eyeforpharma Philadelphia Conference VIRTUAL

Apr 14, 2020 - Apr 17, 2020, Philadelphia

FREE TO ATTEND: The world’s greatest gathering of pharma’s value-designers with 6000+ pharma decision-makers from marketing, patient engagement, advocacy, clinical, medical affairs, market access, RWE and IT,

Imagining the ‘Digitome’

Dramatic advances in human health beckon if pharma can help build ‘the Digitome’, a vast data commons



 
Medicines only work well in a fraction of their target populations. Many clinical trials perform poorly or fail. 
 
But a grand, cross-industry project to gather and harness data could change all this.
 
The creation of the ‘Digitome’, a data commons aggregating structured and unstructured patient data as well as population, claims and trial data, would be fuel for many potential new applications.
 
Harnessing this wealth of data, mapping it and putting it into a data commons for use in different applications would enable innovators to create a series of applications for disease detection, clinical trials and healthcare management.
 
Such an initiative would be far more ambitious in its scope and conception than existing initiatives, says Jacob LaPorte, Co-Founder, Novartis Biome. “All of us can point to scores of initiatives out there around a single diagnostic where we’re trying to detect disease earlier. The problem, as we all know, is that many of these things are sitting in silos.”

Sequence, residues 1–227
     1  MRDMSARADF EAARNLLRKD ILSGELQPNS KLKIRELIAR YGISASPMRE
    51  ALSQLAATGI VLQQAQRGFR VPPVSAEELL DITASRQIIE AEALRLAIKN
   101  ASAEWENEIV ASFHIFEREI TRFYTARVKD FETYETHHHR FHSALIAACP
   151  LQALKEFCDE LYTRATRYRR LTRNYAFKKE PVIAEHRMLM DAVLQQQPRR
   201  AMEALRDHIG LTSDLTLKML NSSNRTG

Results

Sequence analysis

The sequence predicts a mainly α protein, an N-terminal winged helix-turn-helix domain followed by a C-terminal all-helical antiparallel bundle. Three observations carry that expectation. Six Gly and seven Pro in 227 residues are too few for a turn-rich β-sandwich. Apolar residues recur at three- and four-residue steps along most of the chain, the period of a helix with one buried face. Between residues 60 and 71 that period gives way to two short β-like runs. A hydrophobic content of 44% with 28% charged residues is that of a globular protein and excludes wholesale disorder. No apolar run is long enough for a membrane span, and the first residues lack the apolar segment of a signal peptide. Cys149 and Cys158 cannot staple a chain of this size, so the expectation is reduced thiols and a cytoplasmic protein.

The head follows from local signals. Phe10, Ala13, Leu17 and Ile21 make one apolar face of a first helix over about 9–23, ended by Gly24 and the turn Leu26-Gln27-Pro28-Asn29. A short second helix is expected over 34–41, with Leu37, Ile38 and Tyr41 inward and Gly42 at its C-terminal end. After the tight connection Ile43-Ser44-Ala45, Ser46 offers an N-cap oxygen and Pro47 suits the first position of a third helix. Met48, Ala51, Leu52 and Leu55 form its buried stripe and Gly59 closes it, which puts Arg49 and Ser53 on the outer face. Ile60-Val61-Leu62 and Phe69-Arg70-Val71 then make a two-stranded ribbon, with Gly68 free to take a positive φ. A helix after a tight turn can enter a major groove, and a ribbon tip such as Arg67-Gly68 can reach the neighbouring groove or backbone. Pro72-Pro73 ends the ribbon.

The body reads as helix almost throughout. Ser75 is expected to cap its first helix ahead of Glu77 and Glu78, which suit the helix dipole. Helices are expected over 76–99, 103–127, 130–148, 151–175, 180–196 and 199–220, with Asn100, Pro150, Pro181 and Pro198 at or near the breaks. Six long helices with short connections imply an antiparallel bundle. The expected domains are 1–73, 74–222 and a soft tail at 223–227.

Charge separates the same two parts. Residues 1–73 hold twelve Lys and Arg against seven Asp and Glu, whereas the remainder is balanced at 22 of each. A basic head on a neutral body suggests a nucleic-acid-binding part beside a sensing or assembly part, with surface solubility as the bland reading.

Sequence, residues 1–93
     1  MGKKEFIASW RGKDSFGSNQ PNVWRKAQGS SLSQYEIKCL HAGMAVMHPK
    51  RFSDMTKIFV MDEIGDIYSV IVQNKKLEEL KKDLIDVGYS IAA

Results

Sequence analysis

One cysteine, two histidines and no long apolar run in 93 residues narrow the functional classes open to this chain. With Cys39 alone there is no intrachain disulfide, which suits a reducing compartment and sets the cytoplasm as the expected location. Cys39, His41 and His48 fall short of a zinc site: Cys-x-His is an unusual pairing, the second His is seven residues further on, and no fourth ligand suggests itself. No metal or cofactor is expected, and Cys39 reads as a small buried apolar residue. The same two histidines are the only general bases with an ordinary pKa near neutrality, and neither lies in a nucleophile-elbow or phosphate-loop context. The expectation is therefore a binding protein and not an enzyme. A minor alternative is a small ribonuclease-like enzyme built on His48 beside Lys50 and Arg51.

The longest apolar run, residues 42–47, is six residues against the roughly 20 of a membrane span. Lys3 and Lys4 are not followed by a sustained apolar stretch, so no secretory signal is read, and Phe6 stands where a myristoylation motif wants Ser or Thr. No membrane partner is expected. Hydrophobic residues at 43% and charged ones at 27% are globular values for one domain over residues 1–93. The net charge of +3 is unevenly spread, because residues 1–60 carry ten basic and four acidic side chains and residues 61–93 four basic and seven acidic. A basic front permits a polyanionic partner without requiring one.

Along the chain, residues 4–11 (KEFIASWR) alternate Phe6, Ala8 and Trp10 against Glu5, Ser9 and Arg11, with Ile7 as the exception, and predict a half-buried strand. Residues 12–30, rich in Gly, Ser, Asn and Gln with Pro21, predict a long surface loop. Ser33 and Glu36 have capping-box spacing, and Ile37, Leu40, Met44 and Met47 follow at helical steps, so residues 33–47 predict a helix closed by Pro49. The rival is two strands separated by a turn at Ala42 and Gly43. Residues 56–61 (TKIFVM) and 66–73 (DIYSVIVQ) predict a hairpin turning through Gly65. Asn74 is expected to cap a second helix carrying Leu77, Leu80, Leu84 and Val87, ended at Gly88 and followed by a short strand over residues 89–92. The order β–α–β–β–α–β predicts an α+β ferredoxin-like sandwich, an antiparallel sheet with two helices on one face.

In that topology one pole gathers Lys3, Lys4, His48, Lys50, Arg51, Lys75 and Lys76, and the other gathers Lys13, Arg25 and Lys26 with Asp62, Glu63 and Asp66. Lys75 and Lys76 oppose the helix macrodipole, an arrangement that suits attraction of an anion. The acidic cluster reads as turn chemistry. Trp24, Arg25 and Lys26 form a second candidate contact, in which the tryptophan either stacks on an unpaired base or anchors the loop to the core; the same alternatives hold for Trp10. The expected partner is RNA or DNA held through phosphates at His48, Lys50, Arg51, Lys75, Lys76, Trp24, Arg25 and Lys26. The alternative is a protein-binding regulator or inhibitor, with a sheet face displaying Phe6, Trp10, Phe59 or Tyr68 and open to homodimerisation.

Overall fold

Transforming trials
One silo problem the Digitome could help solve is the lack of accessible trial design information from existing and past studies for trial teams when developing new ones, says Mohammed Ali, Global Head Digital Development, Boeringer Ingelheim. 
 
“Identifying sources from past studies and ensuring that all of this is harmonised and standardised in a location where you can access it will give you the best intelligence and outcome for writing your study protocols and designing the overall clinical trial design.”
 
Digitome-powered data analysis need not just stop at that level either, says Ali. “We should also compare at the industry level what it means to standardise disease trial design across the board. So looking at white papers, looking at lessons learned through other engagements or other forums and making sure that is captured too.”
 
Taking such a strategic approach would help identify which points in a protocol are driving progress and which have prevented it in the past, says Ali. “If you do it right, you should be able to get a protocol that is much more efficacious and acceptable by your external regulatory bodies and key stakeholders, saving time, reducing amendments and reducing costs.
 
“It may not seem like a lot but if you do hundreds of protocols a year and you’re running them altogether concurrently, that time can actually add up significantly and you’re able to accelerate your overall pipeline process.”